The disengagement theory holds that within societies, the elderly gradually go through a period of adjustment in which they discontinue public roles and withdraw from social connections. Eventually, they only have contact with close friends and family members.
The disengagement theory was advanced in "Growing Old," a book published in 1961 by Elaine Cumming and William Henry. It holds that society benefits from the disengagement of the elderly by avoiding disruption when important members pass away suddenly and by permitting younger individuals to take over the jobs vacated by the elderly.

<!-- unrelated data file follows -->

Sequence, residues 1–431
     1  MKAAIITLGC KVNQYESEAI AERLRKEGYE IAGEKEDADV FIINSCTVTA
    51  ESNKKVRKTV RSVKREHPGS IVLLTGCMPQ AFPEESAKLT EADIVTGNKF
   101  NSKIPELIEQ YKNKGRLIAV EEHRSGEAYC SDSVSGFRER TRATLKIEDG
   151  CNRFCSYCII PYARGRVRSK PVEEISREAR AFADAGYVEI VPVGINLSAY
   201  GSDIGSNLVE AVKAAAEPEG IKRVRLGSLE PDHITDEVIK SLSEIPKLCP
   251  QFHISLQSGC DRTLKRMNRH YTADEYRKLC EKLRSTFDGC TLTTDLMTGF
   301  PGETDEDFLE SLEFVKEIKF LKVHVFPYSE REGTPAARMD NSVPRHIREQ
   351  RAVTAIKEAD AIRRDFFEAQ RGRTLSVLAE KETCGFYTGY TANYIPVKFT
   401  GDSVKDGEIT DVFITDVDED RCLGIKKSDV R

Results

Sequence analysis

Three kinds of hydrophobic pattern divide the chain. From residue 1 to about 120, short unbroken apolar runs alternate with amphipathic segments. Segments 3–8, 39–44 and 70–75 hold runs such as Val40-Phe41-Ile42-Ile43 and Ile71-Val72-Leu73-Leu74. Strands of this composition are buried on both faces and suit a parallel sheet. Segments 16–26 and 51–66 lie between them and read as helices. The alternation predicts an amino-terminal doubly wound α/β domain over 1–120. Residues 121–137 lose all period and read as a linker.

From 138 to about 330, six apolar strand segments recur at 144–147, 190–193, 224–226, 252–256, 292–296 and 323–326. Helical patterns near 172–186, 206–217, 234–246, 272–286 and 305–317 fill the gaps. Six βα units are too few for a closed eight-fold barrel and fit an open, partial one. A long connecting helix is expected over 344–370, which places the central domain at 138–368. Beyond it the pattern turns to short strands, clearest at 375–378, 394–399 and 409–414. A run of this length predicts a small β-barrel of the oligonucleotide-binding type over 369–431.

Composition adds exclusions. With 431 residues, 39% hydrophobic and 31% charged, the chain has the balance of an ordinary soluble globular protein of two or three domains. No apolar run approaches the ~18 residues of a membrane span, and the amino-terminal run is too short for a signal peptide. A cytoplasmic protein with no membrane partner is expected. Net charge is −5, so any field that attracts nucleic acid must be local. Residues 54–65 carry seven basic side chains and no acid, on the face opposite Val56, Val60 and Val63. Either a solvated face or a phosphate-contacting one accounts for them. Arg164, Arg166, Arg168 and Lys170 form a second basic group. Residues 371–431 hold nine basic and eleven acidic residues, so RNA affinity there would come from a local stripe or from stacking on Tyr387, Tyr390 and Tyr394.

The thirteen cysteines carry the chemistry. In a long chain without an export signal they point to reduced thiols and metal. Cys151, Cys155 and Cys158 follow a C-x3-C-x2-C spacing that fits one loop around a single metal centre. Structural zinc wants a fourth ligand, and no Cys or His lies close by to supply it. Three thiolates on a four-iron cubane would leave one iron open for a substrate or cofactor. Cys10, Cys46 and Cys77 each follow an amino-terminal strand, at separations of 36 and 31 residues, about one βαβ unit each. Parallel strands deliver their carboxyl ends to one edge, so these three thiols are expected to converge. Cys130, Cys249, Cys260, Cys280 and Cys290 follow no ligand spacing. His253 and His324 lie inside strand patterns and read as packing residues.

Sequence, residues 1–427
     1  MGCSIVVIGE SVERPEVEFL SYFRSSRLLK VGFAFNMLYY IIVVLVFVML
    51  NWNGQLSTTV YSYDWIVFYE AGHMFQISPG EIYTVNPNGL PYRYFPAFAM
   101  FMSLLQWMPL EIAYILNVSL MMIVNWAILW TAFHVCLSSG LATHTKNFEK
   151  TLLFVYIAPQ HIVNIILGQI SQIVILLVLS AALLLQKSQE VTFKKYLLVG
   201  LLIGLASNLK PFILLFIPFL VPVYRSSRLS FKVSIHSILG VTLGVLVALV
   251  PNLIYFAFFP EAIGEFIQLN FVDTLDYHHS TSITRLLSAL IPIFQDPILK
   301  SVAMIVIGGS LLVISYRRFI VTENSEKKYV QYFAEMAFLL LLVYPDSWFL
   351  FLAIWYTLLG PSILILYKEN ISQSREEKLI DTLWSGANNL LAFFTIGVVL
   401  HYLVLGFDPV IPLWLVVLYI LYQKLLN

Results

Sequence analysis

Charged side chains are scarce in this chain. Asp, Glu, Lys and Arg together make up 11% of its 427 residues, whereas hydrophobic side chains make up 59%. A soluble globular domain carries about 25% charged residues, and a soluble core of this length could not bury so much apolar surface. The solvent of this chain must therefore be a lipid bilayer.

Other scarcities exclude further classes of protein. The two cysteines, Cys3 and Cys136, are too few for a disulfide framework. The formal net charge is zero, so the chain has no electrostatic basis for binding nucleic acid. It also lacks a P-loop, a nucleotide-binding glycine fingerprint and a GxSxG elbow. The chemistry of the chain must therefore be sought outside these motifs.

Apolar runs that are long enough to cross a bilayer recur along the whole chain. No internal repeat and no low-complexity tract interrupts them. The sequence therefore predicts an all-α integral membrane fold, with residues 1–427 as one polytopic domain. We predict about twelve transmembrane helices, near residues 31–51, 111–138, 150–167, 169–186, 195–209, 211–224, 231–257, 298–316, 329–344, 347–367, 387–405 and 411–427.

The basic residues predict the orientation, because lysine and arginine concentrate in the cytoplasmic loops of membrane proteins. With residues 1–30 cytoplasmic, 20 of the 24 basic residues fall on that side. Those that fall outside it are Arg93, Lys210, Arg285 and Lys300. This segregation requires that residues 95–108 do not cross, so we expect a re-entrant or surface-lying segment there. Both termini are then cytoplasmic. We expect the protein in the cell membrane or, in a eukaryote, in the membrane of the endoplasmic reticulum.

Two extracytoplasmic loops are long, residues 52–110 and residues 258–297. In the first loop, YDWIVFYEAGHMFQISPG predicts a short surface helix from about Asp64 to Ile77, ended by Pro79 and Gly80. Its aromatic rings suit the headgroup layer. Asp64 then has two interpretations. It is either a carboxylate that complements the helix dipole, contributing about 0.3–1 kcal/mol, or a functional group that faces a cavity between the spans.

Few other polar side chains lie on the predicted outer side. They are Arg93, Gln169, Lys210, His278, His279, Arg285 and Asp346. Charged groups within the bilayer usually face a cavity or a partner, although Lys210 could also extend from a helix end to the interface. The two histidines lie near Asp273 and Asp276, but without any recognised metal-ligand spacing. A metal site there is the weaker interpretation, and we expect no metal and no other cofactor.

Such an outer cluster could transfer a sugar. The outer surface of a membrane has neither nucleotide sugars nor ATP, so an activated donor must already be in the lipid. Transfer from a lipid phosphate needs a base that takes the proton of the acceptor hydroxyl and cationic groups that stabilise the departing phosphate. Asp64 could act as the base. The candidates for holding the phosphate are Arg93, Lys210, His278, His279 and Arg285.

Other theories have been advanced, however, that contradict the disengagement theory. These include the activity theory and the continuity theory, both of which assert that society values seniors who remain a viable part of society until they pass. As of April 2014, these latter theories are more accepted than the disengagement theory.